The European Commission has announced its European Green Deal in a bid to become the world’s first climate-neutral continent by 2050.
According to the Commission the Green Deal is, “the most ambitious package of measures that should enable European citizens and businesses to benefit from sustainable green transition.”
Included in the new legislation is the commitment to ‘accelerate the shift’ to sustainable and smart mobility, focusing on boosting multi-modal and connected mobility. EU funding instruments will support projects and services that can ‘reduce congestion and pollution’ in urban areas, and propose more stringent air pollutant emissions standards for combustion-engine vehicles.
According to the European Green Deal ‘roadmap’, a strategy for sustainable and smart mobility will be put in place from 2020, with a revised proposal for a directive on combined transport planned for 2021. Also from 2020 will be a funding call to support the deployment of public recharging and refuelling points as part of an alternative fuel infrastructure, alongside an assessment of options to boost the production and supply of sustainable alternative fuels for different transport modes.
Railway and inland waterway capacity initiatives also got a mention, however there is no direct mention of bicycles or improving cycling measures. Perhaps cycling comes under the ‘shift to smart mobility’ or ‘sustainable transport’ part of the roadmap, but there certainly doesn’t seem to be a huge emphasis on what could be part of a relatively cheap solution to lowering emissions and air pollution levels; getting more people out of cars and onto bikes.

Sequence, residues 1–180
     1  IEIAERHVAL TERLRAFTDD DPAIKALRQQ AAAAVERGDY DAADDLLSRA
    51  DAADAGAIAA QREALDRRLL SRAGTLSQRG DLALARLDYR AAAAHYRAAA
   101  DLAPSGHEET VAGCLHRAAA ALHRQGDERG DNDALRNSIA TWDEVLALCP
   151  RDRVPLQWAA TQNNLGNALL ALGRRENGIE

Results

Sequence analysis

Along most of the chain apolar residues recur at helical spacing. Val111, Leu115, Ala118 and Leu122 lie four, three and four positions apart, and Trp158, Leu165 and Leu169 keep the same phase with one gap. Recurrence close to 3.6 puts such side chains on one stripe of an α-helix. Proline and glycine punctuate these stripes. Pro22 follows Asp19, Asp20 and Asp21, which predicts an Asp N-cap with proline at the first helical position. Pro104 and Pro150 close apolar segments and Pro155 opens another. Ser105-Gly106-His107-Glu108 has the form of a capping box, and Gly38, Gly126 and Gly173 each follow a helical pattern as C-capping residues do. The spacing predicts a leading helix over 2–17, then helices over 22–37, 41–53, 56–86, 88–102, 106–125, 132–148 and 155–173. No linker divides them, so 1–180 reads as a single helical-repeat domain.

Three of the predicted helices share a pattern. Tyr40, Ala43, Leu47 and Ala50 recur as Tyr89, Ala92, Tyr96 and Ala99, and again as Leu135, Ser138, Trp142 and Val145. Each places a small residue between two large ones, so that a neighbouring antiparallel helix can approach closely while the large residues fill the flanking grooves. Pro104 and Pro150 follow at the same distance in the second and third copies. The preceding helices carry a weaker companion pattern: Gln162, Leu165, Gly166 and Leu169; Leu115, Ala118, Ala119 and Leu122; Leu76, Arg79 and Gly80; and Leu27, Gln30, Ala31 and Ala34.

Saying that, a revised directive on RISM (Road Infrastructure Safety Management) by the European Commission resulted in a ‘major breakthrough’ for cyclists yesterday, which could save as many as 3,200 cyclists lives by instilling infrastructure guidelines and taking cyclists and pedestrians into account during road building processes.
Confederation of the European Bicycle Industry’s (CONEBI) GM Manuel Marsilio said of the proposal: “The European Green Deal is an important initiative to protect our planet and contribute to a sustainable future: the question is how to practically make it successful.
“Bicycles and e-Bikes should be placed at the core of that success and supported by EU and national policies that can foster sales. For example, we call on European Institutions to adopt a good proposal on VAT rates so that EU governments can eventually make a more targeted use of VAT rates, like VAT reduction on the purchase of bicycles, e-Bikes and accessories.”